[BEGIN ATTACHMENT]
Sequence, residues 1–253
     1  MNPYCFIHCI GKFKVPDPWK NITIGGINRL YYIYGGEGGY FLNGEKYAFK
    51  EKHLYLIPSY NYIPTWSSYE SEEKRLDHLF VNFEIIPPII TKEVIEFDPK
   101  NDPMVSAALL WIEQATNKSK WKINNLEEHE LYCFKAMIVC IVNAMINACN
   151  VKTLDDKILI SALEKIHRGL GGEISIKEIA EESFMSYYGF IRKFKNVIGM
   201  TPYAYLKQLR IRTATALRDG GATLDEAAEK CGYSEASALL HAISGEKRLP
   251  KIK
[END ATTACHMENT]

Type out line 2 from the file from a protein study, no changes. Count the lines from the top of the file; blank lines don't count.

     1  MNPYCFIHCI GKFKVPDPWK NITIGGINRL YYIYGGEGGY FLNGEKYAFK